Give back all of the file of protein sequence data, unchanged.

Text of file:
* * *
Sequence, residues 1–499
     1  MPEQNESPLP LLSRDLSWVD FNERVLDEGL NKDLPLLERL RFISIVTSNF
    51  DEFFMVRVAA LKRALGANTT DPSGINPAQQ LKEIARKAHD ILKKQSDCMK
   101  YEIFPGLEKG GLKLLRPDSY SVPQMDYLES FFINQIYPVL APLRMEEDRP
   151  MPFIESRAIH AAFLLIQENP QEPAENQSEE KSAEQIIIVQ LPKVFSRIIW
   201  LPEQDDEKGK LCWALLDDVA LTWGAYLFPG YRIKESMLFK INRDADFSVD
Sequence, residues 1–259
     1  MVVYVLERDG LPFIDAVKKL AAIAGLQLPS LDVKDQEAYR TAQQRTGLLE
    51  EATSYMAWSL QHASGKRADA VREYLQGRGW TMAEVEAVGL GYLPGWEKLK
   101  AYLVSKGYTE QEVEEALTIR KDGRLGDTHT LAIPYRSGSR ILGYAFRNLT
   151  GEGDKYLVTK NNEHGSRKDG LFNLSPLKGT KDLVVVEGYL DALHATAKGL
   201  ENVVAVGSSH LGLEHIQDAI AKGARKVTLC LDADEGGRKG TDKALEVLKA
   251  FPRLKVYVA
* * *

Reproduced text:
Sequence, residues 1–499
     1  MPEQNESPLP LLSRDLSWVD FNERVLDEGL NKDLPLLERL RFISIVTSNF
    51  DEFFMVRVAA LKRALGANTT DPSGINPAQQ LKEIARKAHD ILKKQSDCMK
   101  YEIFPGLEKG GLKLLRPDSY SVPQMDYLES FFINQIYPVL APLRMEEDRP
   151  MPFIESRAIH AAFLLIQENP QEPAENQSEE KSAEQIIIVQ LPKVFSRIIW
   201  LPEQDDEKGK LCWALLDDVA LTWGAYLFPG YRIKESMLFK INRDADFSVD
Sequence, residues 1–259
     1  MVVYVLERDG LPFIDAVKKL AAIAGLQLPS LDVKDQEAYR TAQQRTGLLE
    51  EATSYMAWSL QHASGKRADA VREYLQGRGW TMAEVEAVGL GYLPGWEKLK
   101  AYLVSKGYTE QEVEEALTIR KDGRLGDTHT LAIPYRSGSR ILGYAFRNLT
   151  GEGDKYLVTK NNEHGSRKDG LFNLSPLKGT KDLVVVEGYL DALHATAKGL
   201  ENVVAVGSSH LGLEHIQDAI AKGARKVTLC LDADEGGRKG TDKALEVLKA
   251  FPRLKVYVA